WBENC’s national standard of certification implemented by the Ohio River Valley Women's Business Council is a meticulous process including an in-depth review of the business and site inspection. The certification process is designed to confirm the business is at least 51% owned, operated and controlled by a woman or women.
By including women-owned businesses among their vendors, corporations, and government agencies demonstrate their commitment to fostering diversity and the continued development of their supplier/vendor diversity programs.
The Women’s Business Enterprise National Council is the nation’s largest third party certifier of businesses owned and operated by women in the United States. WBENC is a resource for the more than 700 US companies and government agencies that rely on WBENC’s certification as an integral part of their supplier diversity programs.
Contact MAD Scientist Associates today to support local and federal diversity while accomplishing your goals.
MAD Scientist Associates is pleased to announce that our firm is now EDGE certified by the State of Ohio. The Encouraging Diversity, Growth and Equity (EDGE) program allows small disadvantaged businesses an opportunity to compete for state supply and service contacts. As the primary shareholder of MAD, owner Christine Dilley is looking forward to finding more opportunities where MAD staff can participate in providing high quality wetland and ecological work to meet the project goals of various agencies within the state. Please take a moment to review our MAD capabilities here on our web site, and contact us about how our team can help accomplish your project objectives.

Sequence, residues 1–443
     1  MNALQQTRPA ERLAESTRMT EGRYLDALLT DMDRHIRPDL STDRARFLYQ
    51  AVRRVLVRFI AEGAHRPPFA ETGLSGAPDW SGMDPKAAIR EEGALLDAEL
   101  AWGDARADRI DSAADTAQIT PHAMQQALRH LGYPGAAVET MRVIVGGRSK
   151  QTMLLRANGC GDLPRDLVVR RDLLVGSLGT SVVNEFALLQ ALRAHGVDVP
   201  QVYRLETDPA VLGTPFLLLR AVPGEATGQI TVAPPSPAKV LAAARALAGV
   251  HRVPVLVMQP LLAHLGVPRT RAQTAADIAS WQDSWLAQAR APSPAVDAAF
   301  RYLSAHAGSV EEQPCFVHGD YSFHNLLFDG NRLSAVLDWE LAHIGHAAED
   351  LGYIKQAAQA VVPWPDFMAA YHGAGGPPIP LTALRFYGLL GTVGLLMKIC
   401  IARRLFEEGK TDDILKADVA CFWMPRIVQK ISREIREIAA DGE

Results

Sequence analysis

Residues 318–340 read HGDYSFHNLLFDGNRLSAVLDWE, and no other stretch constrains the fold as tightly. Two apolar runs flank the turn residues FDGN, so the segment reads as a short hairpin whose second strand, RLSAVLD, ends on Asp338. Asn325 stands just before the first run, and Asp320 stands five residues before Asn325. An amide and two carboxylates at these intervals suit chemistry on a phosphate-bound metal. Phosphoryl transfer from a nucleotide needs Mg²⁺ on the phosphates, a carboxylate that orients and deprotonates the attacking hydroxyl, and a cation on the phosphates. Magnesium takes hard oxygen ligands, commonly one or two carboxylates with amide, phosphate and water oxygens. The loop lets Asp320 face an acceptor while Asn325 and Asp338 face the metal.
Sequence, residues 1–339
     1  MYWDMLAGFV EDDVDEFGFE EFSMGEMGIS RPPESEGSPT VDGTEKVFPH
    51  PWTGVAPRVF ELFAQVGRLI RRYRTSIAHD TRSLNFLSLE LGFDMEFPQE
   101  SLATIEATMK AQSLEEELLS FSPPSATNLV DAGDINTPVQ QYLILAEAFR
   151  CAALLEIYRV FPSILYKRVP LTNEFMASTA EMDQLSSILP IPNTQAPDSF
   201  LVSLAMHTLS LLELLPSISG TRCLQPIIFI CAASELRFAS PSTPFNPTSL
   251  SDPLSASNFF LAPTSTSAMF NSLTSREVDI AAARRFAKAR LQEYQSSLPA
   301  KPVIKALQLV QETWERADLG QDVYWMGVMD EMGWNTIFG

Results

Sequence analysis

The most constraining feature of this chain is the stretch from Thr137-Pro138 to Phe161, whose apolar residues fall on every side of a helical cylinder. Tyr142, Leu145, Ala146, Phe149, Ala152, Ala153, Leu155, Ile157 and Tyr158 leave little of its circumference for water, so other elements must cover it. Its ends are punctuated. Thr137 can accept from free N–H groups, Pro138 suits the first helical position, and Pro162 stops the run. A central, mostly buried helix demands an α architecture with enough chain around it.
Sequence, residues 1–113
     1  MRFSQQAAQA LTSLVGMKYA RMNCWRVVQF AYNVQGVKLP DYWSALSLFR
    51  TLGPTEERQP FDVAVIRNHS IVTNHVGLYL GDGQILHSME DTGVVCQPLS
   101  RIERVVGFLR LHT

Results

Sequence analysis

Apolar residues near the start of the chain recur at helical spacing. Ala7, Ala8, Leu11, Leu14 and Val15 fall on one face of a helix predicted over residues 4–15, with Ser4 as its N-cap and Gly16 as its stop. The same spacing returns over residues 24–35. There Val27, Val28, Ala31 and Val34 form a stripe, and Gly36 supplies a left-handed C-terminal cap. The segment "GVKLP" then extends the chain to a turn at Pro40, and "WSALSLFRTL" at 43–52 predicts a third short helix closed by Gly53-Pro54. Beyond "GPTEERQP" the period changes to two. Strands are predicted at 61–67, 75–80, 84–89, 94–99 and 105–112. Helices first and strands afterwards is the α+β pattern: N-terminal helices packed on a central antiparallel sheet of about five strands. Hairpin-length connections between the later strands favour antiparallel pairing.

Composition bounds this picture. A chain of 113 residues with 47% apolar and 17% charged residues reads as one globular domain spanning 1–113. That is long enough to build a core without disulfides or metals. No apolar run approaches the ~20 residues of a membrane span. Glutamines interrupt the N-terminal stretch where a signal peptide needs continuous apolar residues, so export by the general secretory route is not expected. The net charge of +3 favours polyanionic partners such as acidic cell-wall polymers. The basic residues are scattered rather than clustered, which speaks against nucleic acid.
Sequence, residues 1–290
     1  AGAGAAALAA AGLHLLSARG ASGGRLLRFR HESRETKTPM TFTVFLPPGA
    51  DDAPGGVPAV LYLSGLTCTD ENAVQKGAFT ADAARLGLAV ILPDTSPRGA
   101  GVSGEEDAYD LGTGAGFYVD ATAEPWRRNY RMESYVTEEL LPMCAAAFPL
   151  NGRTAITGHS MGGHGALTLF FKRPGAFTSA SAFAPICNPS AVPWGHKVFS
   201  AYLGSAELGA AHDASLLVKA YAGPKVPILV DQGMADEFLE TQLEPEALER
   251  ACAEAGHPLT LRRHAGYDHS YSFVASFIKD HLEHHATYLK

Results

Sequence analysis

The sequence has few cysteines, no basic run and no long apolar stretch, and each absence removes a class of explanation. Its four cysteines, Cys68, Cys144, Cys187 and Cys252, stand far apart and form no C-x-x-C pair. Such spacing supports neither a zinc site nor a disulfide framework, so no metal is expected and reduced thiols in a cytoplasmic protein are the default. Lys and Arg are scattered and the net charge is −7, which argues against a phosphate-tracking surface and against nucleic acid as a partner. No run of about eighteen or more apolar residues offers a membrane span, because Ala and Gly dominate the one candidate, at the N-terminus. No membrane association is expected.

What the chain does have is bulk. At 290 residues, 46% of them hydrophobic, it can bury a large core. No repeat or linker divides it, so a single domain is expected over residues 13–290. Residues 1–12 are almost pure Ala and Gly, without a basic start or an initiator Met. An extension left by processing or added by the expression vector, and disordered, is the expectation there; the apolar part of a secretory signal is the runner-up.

January 2016 - Often it's the little things that keep work interesting. Case in point: Mark and Aaron's observation of Slaty Skimmer dragonflies during an ecological survey at Dublin's Brandon Park. This species has not been recorded for Franklin County, so MAD Scientist Associates has submitted photographs for verification of the record with the Ohio Odonata Survey.
Having been tasked with an evaluation of State-funded wetland projects, Ohio EPA Wetland Ecologist Brian Gara visited the Highlands Wetland Expansion and Enhancement site this past summer. His report on the vegetation quality of wetlands created, restored or enhanced using grants under Section 319, the Surface Water Improvement Fund (SWIF) or the Great Lakes Restoration Initiative (GLRI) identified the Highlands wetlands as having the highest Vegetative Index of Biotic Integrity - Floristic Quality (VIBI-FQ) score of the six sites evaluated, ranking the site as a high Category 2 wetland. The report states: "The VIBI-FQ score of 41 is very high for a wetland so early in the successional sequence," concluding that "[b]ased strictly on this assessment, the Highland Park wetland should be considered very successful." Another MAD project, the Reynoldsburg City Schools Summit Road wetlands was ranked as a low Category 2, a respectable result for this high-traffic educational resource for the school campus.
MAD is working with Miami County Park District officials in restoring a field to forest. As part of a Clean Ohio grant project, 317 container trees were planted in what was previously a cattle pasture at the Lost Creek Reserve. This area will now connect two wood blocks and include pockets of wetlands. We are looking forward to witnessing this site transition from a former pasture area to an oak-hickory savanna.